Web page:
Soil sense

Technology helps define key measurements in determining the health of your soil.

From a young age, Jamie Herring was intrigued by the dark areas in grass. 

“My teacher told me they were fairy rings caused by certain fungi buried in the soil,” he says. “Something interesting was going on that stuck with me.”

Soil-sensing system

What curiosity led the Illinois farmer, who holds a master’s degree in crop sciences, on a path to better understand the soil’s secrets.

“Considering the high variability within each field, I wanted to be able to define the soil’s biology so I know where to push inputs and where to hold off to maximize my profit per acre,” Herring says.

While putting data behind what’s going on in the soil gives him a metric to work from, he found today’s tools expensive, slow, and unreliable. To better quantify his soil’s health, Herring developed a system that defines the soil’s biology on-the-go, in real time, creating a totally new data layer.

A mobile system that measures several volatiles (gases), which are known indicators of soil health, Soil Sense attaches to a coulter that creates a cavity as it moves through the soil. This system pulls out those gases that then go through a set of filters and sensors. A sample is taken every second, and around 300 measurements are run per acre.

As you turn around in the field, the self-cleaning, self-calibrating process takes place. Blowing ambient air back into the tubes to clean out the filters, the system is ready to go on the very next pass.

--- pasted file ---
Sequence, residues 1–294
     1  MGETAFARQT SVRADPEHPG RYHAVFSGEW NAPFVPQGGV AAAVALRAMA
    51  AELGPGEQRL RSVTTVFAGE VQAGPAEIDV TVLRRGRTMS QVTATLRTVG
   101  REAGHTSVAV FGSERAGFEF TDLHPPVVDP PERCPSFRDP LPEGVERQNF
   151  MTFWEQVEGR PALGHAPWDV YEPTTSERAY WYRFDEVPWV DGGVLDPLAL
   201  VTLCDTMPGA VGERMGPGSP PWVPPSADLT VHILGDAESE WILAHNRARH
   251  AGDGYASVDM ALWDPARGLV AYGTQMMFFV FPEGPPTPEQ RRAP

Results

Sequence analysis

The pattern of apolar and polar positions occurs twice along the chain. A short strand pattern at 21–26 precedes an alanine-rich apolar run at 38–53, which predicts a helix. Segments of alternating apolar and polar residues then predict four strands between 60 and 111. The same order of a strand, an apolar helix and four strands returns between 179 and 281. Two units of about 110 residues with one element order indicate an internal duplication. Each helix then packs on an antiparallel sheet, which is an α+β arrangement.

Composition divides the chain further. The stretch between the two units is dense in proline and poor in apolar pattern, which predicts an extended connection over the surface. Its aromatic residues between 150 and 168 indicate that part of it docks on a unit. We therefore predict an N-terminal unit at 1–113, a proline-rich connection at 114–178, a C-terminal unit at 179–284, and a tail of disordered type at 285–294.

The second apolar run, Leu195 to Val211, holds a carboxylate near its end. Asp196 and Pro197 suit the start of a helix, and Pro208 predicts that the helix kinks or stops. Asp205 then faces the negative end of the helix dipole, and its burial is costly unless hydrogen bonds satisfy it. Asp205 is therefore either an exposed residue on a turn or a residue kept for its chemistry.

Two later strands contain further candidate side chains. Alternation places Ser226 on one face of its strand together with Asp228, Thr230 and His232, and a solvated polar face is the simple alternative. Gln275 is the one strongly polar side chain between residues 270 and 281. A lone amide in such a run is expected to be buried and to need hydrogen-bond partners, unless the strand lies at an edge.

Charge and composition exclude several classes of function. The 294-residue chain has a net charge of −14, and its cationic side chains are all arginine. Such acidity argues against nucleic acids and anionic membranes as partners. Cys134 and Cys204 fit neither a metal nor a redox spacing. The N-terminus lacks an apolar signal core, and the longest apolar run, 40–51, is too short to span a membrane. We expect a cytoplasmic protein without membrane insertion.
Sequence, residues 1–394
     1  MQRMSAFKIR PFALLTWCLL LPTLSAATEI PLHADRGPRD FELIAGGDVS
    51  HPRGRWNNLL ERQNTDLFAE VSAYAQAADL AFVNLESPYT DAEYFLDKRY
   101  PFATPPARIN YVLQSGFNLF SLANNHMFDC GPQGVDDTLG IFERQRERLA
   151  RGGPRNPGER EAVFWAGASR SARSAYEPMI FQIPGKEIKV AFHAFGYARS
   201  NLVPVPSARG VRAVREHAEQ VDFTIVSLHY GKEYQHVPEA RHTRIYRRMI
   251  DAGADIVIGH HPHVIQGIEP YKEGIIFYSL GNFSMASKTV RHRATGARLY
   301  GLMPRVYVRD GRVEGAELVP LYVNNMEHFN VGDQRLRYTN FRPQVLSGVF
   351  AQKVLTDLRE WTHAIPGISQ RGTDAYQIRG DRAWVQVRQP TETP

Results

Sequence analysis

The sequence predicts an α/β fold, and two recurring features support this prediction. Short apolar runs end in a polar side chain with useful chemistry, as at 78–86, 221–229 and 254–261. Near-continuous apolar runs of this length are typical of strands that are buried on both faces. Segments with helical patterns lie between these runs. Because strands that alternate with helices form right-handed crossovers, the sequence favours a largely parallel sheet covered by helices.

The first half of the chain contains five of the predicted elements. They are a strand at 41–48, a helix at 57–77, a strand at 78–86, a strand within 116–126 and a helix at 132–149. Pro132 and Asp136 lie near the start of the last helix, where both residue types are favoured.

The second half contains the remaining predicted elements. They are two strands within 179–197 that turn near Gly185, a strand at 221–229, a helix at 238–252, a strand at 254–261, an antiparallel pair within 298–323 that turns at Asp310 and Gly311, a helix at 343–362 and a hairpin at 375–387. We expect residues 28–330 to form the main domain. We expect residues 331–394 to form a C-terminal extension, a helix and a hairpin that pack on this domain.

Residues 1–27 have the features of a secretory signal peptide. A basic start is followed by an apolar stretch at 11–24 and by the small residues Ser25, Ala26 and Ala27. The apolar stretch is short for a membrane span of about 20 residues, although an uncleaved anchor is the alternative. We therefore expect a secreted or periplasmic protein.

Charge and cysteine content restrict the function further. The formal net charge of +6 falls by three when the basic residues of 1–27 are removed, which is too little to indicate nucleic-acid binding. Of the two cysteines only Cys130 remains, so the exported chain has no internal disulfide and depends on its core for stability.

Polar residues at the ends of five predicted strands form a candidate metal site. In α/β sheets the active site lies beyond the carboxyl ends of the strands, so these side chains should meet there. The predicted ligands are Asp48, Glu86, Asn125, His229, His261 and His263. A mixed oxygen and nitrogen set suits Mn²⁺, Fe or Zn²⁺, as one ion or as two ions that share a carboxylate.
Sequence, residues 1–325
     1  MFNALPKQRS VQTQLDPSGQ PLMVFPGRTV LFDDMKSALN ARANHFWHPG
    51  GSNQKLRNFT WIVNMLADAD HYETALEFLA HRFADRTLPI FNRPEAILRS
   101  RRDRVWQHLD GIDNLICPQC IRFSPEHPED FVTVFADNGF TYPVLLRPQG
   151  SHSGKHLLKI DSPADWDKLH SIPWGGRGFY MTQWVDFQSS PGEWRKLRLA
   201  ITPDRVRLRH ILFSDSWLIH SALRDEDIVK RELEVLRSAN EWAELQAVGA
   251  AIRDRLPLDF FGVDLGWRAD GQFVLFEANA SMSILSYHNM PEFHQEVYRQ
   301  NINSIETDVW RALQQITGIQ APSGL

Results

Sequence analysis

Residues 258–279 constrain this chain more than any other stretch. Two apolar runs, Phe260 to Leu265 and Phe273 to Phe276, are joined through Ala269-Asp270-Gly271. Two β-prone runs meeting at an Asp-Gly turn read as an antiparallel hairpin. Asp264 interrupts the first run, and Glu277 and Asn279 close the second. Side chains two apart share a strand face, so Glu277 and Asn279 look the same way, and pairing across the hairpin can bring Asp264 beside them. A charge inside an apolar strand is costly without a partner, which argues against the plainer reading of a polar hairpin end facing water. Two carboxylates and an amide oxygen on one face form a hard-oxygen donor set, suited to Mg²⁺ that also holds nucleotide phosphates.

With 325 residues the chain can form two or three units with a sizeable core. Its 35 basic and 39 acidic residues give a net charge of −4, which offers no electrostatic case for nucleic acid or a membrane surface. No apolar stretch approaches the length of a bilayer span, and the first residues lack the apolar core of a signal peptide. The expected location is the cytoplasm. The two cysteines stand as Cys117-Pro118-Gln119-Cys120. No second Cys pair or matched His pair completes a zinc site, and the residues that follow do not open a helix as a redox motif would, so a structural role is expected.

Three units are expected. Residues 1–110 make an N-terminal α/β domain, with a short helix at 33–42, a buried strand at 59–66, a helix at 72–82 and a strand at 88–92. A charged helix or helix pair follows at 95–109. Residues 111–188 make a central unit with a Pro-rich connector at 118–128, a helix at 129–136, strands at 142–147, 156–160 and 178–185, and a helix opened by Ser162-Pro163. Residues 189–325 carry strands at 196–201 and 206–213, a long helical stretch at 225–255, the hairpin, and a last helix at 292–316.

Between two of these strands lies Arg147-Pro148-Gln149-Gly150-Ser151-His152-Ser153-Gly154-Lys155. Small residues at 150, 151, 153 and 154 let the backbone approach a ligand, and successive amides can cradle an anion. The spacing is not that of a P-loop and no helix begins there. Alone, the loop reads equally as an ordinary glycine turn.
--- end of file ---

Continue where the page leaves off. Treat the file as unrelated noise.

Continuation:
“Once you’ve cleaned out the tube, you can reset the whole system at normal ambient air positions for the gases. Any change you then measure is relevant,” he says.

The electronics, along with the controls of that alternating measurement via suction and cleaning with forced air, is what creates the system’s unique capability.

To ensure data is reliable, the diameter of the air tubes is critical. “If the tube is too wide or too narrow, you change the parameters of the whole system,” Herring says. “The speed at which the air is aspired is also important, because if the suction is too fast, a lot of junk goes into the filters, and you’ll rapidly choke the system.”

Testing a theory

When Herring started his initiative over two years ago, he had a hunch some volatiles might be relevant in measuring the health of the soil. In 2019, field trials revealed a very high correlation between the levels of these volatiles and yields. Defining how the amount of organic volatiles relates to the rate of nitrogen was the next step. 

“If we go through the range of measurements where nitrogen is very low, it pays to increase nitrogen,” he says. “On the other hand, there is a point where adding nitrogen to soil that has a high indicator gas level doesn’t really pay.”

In one trial, specific areas of a field were identified where additional nitrogen could increase the net margin by $79 per acre with higher yields. “There were other areas where the same increase of nitrogen would not pay back in higher yield and would cause a $40 per acre loss,” Herring says.

In addition, data indicated where higher density planting of soybeans would and would not pay off.

Based on what he is learning, Herring is able to find the right combination of management practices and products to help him improve his soil health as quickly as possible.

“Once I could reliably define what was happening in the soil, I could then start to compare that data with other data on my fields to help me make better economic decisions on fertilizer and seeding rates,” he says.

Herring has filed for a patent on his invention. The plan is to have the first commercially available product on the market by 2021.

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